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Arriving at the Sports Centre’s canopy, I was greeted with the ‘whoosh’ of the rowing machines, a sound which signalled the effort and strength needed for the sport. Having meant to have begun at 7PM, the races were delayed for an hour due to technical difficulties at York. However, the increasingly cold weather didn’t seem to dampen the enthusiasm of the rowers, especially the senior women’s team who were listening to music, chatting and maintaining their energy.
During the wait, the senior women’s captain Anna Simpson, explained what it’s been like for LUBC this year. The society had only been able to meet a month and a half before Christmas to train together, and then went completely online during Lent term, making it difficult to stay motivated. Although, Anna says that since Easter everyone has been keen to get back into it and have been training hard.
Each team had four rowers who had to row 500m, making it a 2km race. The coxswain, who usually steers the boat and ensures coordination, was also there to yell encouragement.
The event started out strong with the senior women’s team, made up of rowers Katie Phillips, Georgia Rattigan, Sophie Young, and Trina Read – alongside coxswain Megan Dyke. The senior men’s team was next and also gave it their best shot, and included Toby Gilmore, Finn Carter, Chris Roberts and Jamie Mellor, with Charlie Guilden as cox. The last team to race was the men’s novice team, made up of Vlad Oancea, David Richardson, Kieran Duffy and Matthew Iewthwaite with Jamie Mellor as cox. Whilst York managed to win these races, the endurance shown by our teams was outstanding, and I agree with Finn Carter who ended his race with “that was insane.”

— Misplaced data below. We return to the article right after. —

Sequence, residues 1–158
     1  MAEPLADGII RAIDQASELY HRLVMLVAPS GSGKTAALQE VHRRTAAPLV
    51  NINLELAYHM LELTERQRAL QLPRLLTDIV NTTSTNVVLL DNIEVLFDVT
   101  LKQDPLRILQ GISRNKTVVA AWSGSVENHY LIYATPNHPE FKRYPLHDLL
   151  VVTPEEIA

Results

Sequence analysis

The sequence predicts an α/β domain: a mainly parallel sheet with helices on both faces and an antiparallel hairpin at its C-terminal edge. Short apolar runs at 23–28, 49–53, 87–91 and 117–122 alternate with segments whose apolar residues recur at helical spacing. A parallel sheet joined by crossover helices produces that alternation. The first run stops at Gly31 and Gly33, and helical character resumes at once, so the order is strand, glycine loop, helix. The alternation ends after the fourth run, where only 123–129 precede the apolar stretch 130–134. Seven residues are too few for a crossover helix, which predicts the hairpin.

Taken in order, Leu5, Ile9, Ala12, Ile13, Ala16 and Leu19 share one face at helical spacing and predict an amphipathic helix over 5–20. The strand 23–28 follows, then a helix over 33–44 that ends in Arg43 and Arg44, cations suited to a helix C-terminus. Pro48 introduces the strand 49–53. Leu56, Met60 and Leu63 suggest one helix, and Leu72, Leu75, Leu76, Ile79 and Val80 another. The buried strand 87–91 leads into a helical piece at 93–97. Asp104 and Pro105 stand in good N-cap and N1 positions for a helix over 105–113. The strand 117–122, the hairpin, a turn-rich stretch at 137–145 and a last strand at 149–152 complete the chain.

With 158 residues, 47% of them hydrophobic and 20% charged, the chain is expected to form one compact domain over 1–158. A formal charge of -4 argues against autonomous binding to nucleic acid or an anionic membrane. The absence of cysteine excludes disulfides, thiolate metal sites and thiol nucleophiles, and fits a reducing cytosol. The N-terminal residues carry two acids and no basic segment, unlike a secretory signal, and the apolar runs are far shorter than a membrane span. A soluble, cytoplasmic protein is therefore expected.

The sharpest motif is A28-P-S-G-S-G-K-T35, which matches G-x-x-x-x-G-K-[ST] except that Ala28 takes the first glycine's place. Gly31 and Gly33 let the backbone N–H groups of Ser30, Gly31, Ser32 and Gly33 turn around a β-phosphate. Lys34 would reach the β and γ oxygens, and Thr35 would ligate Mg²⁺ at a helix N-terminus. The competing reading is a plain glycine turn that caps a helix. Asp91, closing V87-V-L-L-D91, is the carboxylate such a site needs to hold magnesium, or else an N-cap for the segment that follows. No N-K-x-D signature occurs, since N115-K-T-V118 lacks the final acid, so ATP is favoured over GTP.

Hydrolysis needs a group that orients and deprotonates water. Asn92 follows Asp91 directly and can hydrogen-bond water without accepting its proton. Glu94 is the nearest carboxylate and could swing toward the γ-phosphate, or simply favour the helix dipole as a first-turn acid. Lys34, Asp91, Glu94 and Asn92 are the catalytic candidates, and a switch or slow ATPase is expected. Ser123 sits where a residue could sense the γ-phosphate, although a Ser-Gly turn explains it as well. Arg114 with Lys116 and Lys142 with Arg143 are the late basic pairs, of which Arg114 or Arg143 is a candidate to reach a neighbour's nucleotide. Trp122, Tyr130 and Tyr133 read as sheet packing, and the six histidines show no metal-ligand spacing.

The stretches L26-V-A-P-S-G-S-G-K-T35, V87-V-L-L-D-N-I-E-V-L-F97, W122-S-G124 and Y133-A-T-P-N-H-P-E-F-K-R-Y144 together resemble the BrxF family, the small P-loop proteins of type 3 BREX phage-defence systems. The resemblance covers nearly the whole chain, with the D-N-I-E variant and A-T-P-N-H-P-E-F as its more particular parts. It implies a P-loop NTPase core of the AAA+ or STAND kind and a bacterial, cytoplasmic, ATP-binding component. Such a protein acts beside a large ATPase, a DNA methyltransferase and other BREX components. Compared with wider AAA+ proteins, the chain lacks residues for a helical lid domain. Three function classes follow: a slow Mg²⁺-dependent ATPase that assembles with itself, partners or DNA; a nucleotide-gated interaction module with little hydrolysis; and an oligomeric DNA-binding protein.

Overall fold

The novice women’s team competed third and were the victors of the event. The team included Maisy Bowen, Caity Beattie, Sophie Raine and Claire Roberts. Jo Witten, the coxswain for the novice girls, explained that the women have never competed, so the novices “have some grit” and had been “training like animals” to be fully prepared. It clearly paid off and gave Lancaster two points for the start of Roses.
For every race the society went wild with support. This team spirit was noted by the men’s senior rowing team after they had competed, with Chris Roberts explaining that with rowing “you’re doing it for the people around you.”